The author is an increasingly grumpy old git, whose shortsightedness is not improving with age. As such, we long for the complete banishment of trendy flat UIs. We would welcome a return to skeuomorphic, fake-3D buttons, scrollbars and other controls, but perhaps that is no longer feasible as upstream projects move to newer versions of Gtk and other toolkits that have removed support for such things.
So a trend that concerns us in this release of Linux Mint is visible in its new thumbnail manager for image files, called Pix. This, along with the Rhythmbox music player, Hypnotix streaming TV viewer, Celluloid movie player, Thingy library manager, and multiple small accessory applets such as the Calculator, System Monitor, Archive Manager and so on, are all borrowed from the GNOME project. As the "what's new" page puts it:
The new gThumb UI was adopted. It uses headerbars and buttons instead of toolbars and menubars. It's slightly less discoverable for newcomers but it looks very clean and remains quite intuitive.
What this means is that all these tools have UIs based around combined titlebar-cum-toolbar "CSD" controls, with hamburger menus. We could be wrong, but our feeling is that Linux Mint especially appeals to an audience of old fogeys like us, who dislike these UI innovations and actively prefer the old conventions and mechanisms. We would really like to see the Mint developers put more effort into finding alternative replacement programs which retain the traditional menu-and-toolbar UI. It is deeply disappointing to see Mint bringing in new-style GNOME controls when it's one of the foremost distros for people who dislike such things.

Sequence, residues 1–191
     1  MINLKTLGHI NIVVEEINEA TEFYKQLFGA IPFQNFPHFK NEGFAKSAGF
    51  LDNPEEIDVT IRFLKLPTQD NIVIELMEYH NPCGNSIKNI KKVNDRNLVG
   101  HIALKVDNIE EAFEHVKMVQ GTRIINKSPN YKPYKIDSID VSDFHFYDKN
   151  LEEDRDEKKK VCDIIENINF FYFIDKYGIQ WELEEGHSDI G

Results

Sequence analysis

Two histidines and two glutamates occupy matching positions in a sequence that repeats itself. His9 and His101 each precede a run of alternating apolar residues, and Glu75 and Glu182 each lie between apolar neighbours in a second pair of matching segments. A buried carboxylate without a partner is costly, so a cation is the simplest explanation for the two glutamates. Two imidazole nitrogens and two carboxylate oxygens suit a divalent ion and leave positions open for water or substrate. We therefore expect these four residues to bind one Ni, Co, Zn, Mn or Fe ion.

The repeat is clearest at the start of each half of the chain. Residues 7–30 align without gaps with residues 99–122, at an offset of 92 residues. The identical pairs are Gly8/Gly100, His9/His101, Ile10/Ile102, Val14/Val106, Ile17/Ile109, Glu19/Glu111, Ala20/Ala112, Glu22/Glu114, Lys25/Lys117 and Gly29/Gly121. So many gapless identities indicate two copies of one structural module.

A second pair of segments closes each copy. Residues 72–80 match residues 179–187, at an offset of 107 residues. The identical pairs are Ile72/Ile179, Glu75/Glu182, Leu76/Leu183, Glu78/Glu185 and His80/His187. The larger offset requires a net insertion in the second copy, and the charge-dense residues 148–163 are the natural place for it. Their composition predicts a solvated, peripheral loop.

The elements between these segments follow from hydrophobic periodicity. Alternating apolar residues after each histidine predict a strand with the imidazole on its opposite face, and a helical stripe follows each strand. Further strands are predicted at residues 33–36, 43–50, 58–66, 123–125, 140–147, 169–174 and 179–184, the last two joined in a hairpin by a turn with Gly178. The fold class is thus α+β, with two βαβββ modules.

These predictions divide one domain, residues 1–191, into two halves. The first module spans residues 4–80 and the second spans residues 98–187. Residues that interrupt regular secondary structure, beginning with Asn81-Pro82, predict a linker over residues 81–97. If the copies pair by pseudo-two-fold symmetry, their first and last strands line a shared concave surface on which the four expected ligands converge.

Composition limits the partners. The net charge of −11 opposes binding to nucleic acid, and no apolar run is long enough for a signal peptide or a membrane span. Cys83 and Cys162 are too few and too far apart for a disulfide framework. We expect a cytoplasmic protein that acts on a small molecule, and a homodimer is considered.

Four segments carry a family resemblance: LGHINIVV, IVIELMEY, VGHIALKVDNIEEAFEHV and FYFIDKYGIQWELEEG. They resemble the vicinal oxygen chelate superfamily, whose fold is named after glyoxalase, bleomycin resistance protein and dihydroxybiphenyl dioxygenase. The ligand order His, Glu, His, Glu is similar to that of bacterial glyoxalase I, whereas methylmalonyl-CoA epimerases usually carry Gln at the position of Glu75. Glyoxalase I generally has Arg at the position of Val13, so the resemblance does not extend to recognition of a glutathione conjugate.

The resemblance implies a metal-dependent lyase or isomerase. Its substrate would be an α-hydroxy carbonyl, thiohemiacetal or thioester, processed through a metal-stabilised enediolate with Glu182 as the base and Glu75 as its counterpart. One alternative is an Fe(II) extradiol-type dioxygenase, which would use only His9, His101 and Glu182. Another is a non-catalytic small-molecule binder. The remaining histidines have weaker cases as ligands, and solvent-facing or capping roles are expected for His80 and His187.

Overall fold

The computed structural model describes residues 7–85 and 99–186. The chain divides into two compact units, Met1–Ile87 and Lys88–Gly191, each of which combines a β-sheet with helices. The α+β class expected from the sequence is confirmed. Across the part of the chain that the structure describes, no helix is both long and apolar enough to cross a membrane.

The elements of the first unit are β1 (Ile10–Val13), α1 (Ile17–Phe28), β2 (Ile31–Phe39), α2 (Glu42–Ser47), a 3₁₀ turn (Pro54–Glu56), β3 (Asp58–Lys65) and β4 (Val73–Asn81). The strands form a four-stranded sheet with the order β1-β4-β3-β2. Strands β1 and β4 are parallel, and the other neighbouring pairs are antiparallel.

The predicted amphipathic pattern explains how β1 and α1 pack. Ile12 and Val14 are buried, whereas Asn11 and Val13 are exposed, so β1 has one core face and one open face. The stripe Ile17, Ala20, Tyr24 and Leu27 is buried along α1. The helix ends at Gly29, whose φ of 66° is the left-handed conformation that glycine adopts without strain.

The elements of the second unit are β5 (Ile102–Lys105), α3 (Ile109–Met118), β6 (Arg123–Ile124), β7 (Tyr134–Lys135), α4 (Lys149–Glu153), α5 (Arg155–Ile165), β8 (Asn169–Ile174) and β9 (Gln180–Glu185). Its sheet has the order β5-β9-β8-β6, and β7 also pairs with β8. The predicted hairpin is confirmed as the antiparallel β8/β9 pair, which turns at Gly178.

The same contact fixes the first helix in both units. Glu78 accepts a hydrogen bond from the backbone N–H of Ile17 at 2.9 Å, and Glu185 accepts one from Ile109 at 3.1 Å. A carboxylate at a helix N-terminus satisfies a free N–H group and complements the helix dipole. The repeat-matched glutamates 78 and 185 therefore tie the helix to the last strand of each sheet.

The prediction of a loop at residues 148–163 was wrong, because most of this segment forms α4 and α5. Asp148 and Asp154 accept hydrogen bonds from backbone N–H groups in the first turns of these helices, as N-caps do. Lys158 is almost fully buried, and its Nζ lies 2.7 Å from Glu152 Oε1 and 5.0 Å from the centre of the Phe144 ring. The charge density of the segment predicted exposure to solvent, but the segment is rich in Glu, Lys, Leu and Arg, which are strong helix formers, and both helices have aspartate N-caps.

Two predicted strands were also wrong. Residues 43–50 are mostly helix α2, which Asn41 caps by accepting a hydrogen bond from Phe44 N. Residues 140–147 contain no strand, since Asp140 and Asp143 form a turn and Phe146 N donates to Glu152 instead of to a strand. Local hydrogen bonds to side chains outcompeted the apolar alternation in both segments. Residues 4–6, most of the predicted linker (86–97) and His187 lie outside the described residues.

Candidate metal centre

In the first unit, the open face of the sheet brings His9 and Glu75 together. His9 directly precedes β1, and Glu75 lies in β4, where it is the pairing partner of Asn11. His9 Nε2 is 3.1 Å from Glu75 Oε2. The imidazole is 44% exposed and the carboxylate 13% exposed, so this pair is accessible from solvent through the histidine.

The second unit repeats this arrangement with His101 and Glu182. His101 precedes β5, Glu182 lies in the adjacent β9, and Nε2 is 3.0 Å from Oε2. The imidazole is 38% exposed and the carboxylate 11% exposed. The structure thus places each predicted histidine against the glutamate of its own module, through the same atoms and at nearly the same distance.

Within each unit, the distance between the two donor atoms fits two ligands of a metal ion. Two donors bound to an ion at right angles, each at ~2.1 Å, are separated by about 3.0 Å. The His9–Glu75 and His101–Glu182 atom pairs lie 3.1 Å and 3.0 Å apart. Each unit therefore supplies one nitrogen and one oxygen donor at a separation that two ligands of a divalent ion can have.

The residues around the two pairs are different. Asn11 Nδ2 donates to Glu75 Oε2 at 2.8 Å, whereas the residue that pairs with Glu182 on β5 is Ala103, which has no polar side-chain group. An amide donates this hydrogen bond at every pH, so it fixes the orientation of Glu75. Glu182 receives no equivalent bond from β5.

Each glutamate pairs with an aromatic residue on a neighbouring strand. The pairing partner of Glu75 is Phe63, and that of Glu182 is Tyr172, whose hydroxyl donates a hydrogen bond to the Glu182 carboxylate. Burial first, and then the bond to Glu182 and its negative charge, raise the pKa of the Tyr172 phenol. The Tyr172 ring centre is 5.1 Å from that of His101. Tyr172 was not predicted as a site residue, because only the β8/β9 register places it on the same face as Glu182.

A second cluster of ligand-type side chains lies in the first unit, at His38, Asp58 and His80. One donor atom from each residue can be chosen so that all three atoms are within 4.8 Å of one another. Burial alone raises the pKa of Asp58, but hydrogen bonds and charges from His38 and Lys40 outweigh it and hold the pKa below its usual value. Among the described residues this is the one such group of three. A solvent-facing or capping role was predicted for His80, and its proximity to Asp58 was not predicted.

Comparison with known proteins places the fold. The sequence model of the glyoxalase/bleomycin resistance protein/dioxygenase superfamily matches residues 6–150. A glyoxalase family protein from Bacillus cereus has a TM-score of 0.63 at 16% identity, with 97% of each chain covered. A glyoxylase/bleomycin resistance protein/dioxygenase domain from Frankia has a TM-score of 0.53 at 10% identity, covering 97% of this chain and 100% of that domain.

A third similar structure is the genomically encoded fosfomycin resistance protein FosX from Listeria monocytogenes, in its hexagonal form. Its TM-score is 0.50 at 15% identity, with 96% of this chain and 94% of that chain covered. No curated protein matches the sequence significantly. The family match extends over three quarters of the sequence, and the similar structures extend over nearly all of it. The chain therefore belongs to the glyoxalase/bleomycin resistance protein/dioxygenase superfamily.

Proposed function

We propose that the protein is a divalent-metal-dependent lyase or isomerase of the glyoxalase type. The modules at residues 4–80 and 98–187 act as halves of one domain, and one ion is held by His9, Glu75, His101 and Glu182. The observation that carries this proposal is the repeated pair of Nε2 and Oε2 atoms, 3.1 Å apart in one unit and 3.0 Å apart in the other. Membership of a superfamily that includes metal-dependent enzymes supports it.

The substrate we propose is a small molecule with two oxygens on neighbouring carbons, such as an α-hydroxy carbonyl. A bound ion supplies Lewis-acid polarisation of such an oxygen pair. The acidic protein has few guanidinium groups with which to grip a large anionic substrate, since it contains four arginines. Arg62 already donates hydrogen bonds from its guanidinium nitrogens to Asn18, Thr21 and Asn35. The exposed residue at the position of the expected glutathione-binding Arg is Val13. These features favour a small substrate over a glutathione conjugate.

To pick a specific example, since there is already an edition of Mint which comes with the MATE desktop, we want to see the MATE System Monitor replace the CSD-blighted GNOME one in the Cinnamon edition too.
As with the ninefold new version pages, we feel that the Mint developers are missing out on a potential win for the project here: for each type of application, pick a single app with a conventional UI, either from one of the three desktops the project supports, or even from some other, external project, and supply that app with all of the editions.
Saying that, though, these are relatively minor details. Overall, Mint 21.2 is shaping up very well. We tested the beta on our trusty ThinkPad W520, and it ran flawlessly. The Driver Manager picked up the machine's Nvidia Quadro 1000M GPU, offered to install the correct driver, and correctly configured GPU switching without any further intervention.
We previously had an older version of Mint on this test machine, and the beta picked up our old home directory and settings, which included a vertical taskbar. The latest Cinnamon hasn't improved in this area: status icons still appear in a single column, wasting a huge amount of panel space. Similarly, in this orientation, the clock applet automatically splits across two rows: one for hours, the other for minutes. MATE doesn't handle vertical panels well, either; Xfce is still the winner in this department.
Notwithstanding some UI niggles, Linux Mint is arguably still the most sensible, pragmatic desktop Linux out there, although there's still room for improvement. If you want a highly compatible, versatile desktop OS, Mint outdoes both Ubuntu and Fedora. ®